We have assessed the relevance of our ES cell modules within a mouse model of acute myeloid leukemia (AML). Expression of MLL alleles leading to expression of fusion products, such as MLL-AF9, MLL-ENL, MLL-AF10, MLL-AF1p, and MLL-GAS7, initiates leukemia. MLL associated leukemia models in mice have served as platforms for purifying and examining the gene expression profiles of leukemia stem cells (LSCs; also called LIC, leukemia initiating cells) (Krivtsov et al., 2006). It has also been suggested that LSCs are present at a higher frequency in leukemic mice in which AML was initiated by MLL-ENL or MLL-AF9 as compared with MLL-AF10, MLL-AF1p, and MLL-GAS7 (Somervaille et al., 2009). We tested the activity of our defined modules in these leukemias. We first observed that the Core module is not active in any of the AMLs as compared to the Core module activity of a control group (Figure 6A). Moreover, we failed to detect an active Core module in AMLs demonstrated to have high LSC frequency (MLL-ENL and MLL-AF9) (Figure 6A). In contrast, we observed active Myc module expression in high frequency LSC AMLs (MLL-ENL and MLL-AF9), but not in low frequency LSC AMLs (MLL-AF10, MLL-AF1p, and MLL-GAS7) or control.
It has been reported that the previously defined ESC-like gene module (Wong et al., 2008a) is prominent in a MLL-AF10 leukemia cell population enriched for LSCs (c-kit high) as compared to c-kit low cells (Somervaille et al., 2009). As shown in Figure 6B, we observed a stronger Myc module activity in the LSC-enriched population. However, this cell population shows relatively inactive Core module activity. In both of the tests shown in Figure 6A and Figure 6B, we observed that the activity of the previously defined ESC-like gene module (Wong et al., 2008a) is similar to the activity of the Myc module rather than the Core module. If the gene expression findings are functionally relevant to self-renewal of LSCs, our findings undermine the notion that reactivation of an ESC-like pattern is critical for LSCs in this setting. In contrast, Myc module activity alone appears to correlate with LSC frequency in mouse AML models. Core module activity does not appear to be a major determinant of LSC frequency in AML.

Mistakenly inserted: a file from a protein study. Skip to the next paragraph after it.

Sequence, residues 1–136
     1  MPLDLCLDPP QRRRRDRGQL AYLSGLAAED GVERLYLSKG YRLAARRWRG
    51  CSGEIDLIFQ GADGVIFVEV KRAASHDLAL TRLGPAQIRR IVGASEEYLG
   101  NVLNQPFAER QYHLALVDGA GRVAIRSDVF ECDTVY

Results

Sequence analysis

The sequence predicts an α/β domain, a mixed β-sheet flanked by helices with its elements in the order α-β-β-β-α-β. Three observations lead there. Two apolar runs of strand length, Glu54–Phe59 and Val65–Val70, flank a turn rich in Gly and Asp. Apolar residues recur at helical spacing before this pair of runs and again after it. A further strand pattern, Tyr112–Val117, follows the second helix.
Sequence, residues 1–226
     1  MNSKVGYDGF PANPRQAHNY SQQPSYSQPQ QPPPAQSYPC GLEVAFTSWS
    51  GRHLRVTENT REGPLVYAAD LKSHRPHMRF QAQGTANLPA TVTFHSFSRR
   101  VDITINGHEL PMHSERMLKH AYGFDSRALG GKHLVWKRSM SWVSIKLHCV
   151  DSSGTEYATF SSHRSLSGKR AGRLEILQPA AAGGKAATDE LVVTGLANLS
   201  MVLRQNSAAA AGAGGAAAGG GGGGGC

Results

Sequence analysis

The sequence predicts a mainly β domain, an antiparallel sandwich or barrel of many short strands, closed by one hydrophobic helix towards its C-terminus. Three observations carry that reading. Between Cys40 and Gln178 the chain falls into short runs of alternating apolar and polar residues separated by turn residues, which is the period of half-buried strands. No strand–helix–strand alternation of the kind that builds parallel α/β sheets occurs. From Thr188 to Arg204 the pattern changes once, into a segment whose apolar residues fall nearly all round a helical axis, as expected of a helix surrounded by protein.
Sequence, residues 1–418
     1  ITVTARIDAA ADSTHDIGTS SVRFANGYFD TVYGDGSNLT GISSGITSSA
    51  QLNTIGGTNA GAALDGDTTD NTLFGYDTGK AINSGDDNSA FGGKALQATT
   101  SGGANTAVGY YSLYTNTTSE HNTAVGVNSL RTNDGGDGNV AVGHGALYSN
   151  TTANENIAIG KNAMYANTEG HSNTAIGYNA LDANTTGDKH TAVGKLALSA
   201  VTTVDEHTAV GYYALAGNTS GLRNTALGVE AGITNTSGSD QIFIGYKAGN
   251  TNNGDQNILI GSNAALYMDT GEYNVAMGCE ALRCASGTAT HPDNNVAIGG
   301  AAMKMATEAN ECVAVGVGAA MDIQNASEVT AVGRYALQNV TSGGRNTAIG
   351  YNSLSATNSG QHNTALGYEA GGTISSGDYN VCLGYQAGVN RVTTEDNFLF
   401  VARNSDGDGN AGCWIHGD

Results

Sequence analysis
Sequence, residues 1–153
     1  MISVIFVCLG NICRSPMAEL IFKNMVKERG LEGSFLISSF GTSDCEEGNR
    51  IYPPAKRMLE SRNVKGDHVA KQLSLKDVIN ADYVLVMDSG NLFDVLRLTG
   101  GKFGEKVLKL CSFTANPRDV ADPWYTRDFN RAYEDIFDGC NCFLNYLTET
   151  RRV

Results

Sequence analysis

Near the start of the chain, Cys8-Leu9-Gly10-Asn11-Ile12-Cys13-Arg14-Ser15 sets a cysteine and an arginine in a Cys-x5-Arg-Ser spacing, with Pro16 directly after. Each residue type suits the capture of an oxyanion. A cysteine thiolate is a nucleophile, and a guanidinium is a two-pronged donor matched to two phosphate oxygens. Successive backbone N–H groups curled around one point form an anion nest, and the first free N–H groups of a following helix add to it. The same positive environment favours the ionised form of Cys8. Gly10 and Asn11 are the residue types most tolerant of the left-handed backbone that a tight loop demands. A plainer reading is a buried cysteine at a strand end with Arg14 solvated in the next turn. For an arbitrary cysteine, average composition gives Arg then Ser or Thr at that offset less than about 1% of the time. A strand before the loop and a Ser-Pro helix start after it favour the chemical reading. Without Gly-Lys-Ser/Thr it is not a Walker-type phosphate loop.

To test the activity of ES cell modules more generally, we tested module activity in gene expression profiles acquired from human bladder carcinoma samples including superficial and invasive carcinomas, as well as a control group of normal urinary tract cells (Sanchez-Carbayo et al., 2006). Figure 7A represents each module activity from total 157 patient samples (each column). Figure 7B represents combined module activity from different groups of patient samples. In both superficial and invasive carcinomas, the Myc module is more active compared to its level of activity in control samples. However, the Core module activity is repressed in both grades of cancers. Of note, we observed a more active Myc module in superficial carcinoma samples compared to more advanced stage of invasive carcinoma samples. Heterogeneity of invasive carcinoma samples may underlie this observation or the active Myc module may be critical in initiating invasive behavior, and not necessarily active afterwards. Importantly, the previously defined ESC-like gene module activity is again similar to the activity of the Myc module. However, the Core module seems to be even more repressed in carcinoma samples compared to control group (Figure 7A and Figure 7B).